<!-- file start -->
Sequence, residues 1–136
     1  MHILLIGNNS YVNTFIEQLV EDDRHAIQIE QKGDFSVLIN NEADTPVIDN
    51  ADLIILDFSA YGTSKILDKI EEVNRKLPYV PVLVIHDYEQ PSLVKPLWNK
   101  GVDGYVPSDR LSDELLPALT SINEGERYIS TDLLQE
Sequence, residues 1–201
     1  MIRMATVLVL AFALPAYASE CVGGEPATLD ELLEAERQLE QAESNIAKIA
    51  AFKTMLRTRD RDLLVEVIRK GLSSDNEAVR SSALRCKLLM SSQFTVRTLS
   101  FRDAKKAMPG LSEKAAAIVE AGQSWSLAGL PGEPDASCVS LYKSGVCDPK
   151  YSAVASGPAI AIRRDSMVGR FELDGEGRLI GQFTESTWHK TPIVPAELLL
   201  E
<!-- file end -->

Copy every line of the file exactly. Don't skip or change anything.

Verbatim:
Sequence, residues 1–136
     1  MHILLIGNNS YVNTFIEQLV EDDRHAIQIE QKGDFSVLIN NEADTPVIDN
    51  ADLIILDFSA YGTSKILDKI EEVNRKLPYV PVLVIHDYEQ PSLVKPLWNK
   101  GVDGYVPSDR LSDELLPALT SINEGERYIS TDLLQE
Sequence, residues 1–201
     1  MIRMATVLVL AFALPAYASE CVGGEPATLD ELLEAERQLE QAESNIAKIA
    51  AFKTMLRTRD RDLLVEVIRK GLSSDNEAVR SSALRCKLLM SSQFTVRTLS
   101  FRDAKKAMPG LSEKAAAIVE AGQSWSLAGL PGEPDASCVS LYKSGVCDPK
   151  YSAVASGPAI AIRRDSMVGR FELDGEGRLI GQFTESTWHK TPIVPAELLL
   201  E